The issue of over-saturation is not yet a unilateral issue for the gaming industry but is certainly a big problem on certain platforms – particularly Steam. We’ve already seen the problem of large amounts of low-quality games releasing via Steam Greenlight that Valve was hoping to address with Steam Direct, but little to nothing seems to have been accomplished in terms of quality control, with more than 1,000 games released via Direct in less than two months after its release.

Players Abusing and Losing Their Voice

In a previous article I talked about the practice of ‘review bombing’ and how it can be a positive consumer tool to express dissent with a publisher’s decisions – the reduction in review score can threaten the bottom line without directly damaging it. Especially with recent trends making big-spending individual “whales” more influential than the majority of regular consumers, it’s one of the few ways for gamers’ voices to stand a chance of reaching larger publishers. This becomes less valid, however, when review bombs are done for reasons of tabloid politics rather than as a consumer protest.

In September 2017, prolific YouTube gamer PewDiePie saw controversy – very shortly after the controversy over an alleged anti-Semitic joke in another livestream – for using a term of racial abuse while streaming gameplay of chaotic multiplayer shooter PlayerUnknown’s Battlegrounds. In response to these two incidents, Sean Vanaman, Firewatch developer and cofounder of Campo Santo Games announced that any of his company’s products appearing on PewDiePie’s channel would be subject to DMCA takedowns.

Whatever Vanaman’s intentions with this move, the YouTube DMCA takedown system is notoriously open to abuse and is often used by publishers – big and small – in an attempt to censor criticism or comment on their games, so gamers are on high alert for instances of copyright censorship in any form. This resulted in Firewatch’s Steam page being hit with a review bomb from PewDiePie fans and those who simply disagreed with the use of DMCA in this way. While Vanaman’s actions may have been symptomatic of a flawed, abusable system, and the discussion point over censorship remains a valid one, using review bombs to target a small, indie developer over a reaction to an internet entertainer’s distasteful language doesn’t help the practice to be taken seriously.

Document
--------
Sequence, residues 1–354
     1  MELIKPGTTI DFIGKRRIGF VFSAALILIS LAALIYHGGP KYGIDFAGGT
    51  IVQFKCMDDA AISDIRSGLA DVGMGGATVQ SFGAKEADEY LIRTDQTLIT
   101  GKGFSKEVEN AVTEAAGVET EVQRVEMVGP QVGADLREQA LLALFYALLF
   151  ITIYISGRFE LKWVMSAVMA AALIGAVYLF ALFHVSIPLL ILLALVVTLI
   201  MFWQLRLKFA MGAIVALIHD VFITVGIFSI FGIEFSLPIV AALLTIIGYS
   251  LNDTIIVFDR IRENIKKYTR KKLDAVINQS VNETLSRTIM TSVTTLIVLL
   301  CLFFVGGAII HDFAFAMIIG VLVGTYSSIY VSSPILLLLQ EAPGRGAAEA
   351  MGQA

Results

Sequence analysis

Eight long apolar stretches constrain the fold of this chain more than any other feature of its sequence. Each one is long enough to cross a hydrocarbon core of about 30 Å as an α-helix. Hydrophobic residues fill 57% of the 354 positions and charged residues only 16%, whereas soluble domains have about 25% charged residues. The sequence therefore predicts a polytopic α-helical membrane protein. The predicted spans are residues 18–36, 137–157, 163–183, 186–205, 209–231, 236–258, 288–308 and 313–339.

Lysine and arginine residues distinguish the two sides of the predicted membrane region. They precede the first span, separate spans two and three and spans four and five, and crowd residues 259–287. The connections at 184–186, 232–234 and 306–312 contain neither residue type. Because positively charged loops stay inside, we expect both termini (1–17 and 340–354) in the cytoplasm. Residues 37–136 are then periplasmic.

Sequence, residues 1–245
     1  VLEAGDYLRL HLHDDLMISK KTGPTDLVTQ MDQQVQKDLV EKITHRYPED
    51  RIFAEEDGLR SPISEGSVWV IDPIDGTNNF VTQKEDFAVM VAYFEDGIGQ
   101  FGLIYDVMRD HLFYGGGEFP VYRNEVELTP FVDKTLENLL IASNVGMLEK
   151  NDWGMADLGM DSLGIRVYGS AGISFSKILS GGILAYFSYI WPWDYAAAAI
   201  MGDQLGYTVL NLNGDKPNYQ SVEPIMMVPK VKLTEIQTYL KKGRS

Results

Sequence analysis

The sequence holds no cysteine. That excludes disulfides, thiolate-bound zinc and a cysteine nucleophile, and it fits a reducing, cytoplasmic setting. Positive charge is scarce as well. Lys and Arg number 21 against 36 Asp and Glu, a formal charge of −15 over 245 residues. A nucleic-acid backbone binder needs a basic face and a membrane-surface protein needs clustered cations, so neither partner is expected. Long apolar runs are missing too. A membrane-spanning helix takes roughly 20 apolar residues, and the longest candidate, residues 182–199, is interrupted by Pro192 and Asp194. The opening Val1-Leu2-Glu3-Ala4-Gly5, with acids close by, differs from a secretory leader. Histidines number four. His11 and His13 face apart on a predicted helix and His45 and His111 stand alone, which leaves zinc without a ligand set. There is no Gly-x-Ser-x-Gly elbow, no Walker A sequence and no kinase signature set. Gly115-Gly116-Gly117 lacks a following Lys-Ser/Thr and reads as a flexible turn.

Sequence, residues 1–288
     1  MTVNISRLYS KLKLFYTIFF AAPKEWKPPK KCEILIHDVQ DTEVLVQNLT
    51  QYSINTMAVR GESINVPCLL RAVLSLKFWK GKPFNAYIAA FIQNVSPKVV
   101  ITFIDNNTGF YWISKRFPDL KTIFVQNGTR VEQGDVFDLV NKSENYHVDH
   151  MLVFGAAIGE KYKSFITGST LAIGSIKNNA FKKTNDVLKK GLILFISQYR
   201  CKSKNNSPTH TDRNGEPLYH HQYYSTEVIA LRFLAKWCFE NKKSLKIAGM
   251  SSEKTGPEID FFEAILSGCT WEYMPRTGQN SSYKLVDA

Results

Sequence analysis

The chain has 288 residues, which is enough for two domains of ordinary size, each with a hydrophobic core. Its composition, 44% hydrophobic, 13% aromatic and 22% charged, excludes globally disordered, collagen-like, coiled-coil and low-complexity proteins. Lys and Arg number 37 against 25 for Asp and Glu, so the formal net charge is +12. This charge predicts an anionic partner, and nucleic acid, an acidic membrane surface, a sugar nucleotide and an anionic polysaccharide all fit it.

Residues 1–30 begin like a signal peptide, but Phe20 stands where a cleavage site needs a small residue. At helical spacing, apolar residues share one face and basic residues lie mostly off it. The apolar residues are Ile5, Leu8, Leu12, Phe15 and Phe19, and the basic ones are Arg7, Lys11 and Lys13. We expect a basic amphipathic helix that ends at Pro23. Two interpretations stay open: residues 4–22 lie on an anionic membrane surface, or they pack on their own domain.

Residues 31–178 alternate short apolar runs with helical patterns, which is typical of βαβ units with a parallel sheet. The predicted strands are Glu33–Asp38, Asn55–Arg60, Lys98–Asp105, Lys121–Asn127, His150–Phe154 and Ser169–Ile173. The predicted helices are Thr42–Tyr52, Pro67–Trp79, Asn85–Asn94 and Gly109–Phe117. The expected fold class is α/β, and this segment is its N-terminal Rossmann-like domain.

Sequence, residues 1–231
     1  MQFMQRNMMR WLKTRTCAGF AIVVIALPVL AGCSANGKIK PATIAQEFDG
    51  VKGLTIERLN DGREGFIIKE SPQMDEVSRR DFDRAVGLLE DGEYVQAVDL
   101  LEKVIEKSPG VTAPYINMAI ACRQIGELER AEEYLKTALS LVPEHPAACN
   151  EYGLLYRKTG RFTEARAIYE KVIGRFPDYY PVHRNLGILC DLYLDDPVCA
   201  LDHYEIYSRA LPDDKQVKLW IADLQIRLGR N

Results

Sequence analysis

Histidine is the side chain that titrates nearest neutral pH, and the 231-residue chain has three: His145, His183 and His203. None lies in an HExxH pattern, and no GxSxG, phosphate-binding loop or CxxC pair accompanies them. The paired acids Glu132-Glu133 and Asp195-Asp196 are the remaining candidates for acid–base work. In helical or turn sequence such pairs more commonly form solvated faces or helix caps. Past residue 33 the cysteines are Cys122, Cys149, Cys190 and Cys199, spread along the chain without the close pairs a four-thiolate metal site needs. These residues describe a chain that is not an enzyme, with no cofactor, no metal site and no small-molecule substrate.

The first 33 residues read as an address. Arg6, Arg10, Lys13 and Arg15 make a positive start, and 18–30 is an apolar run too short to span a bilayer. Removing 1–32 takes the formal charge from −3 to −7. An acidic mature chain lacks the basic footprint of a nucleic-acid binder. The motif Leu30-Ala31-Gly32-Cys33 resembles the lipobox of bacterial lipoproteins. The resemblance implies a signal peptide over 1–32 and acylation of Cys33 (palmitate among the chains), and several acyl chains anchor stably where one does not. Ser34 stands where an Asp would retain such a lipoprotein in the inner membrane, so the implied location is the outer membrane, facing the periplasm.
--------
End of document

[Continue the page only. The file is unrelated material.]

Compounding the frivolousness of this review bomb, at the beginning of October PlayerUnknown’s Battlegrounds, despite being a secondary subject of defence for the prior one, was the subject of another review bomb. On this occasion, the protest was more legitimate: the developer of PUBG started to implement in-game advertisements despite the game still being an early access title, diverting resources from development of the game to increasing profitability before it was even finished. Serious concerns over industry behaviour like this are only diluted by the trigger-happy nature of some gamers. In response to the Firewatch review bomb, Steam has already taken some admittedly ineffectual steps to reduce the influence of review bombs; if this continues to the point that the effect on a game’s score is no longer taken seriously at all, consumers are in danger of losing one of the few tools they have to exert any kind of influence over gaming’s big businesses.

Especially with some recent developments in the industry, it’s becoming especially important that consumers retain whatever influence they have. Customer satisfaction, at least in the eyes of big publishers, is becoming less and less important as economic systems from the mobile gaming sector are being brought into traditional console and PC gaming. An unsettling warning for this change in how publishers view their user bases came as recently as May 2017, when Strauss Zelnick, CEO of Take Two Interactive, said that the company was “under-monetizing” its players, specifically in the context of microtransactions.

Microtransactions’ Role in Mobile Gaming

The economics of microtransactions in free-to-play games – especially mobile games – are founded on the concept of “Whales, Dolphins and Minnows,” three strata of players defined by their spending habits. Minnows make up the majority of a game’s player-base – as much as 99% of all users – but spend little to nothing on in-game purchases. Whales and Dolphins, between them, do not usually account for more than 2% of players, but their in-game spending makes them responsible for 98% of revenue.

All this results in an economy which only needs to cater to a very particular minority of its players. In terms of pure profitability, it’s in the publisher’s best interest to alienate or mistreat its userbase, if that will encourage more monetization from the Whale and Dolphin players. This works in the mobile gaming sector, so it probably seems reasonable to AAA publishers and their bottom lines to use these economics in their games as well, but a few key differences between mobile and traditional video gaming make this a dangerous path to walk.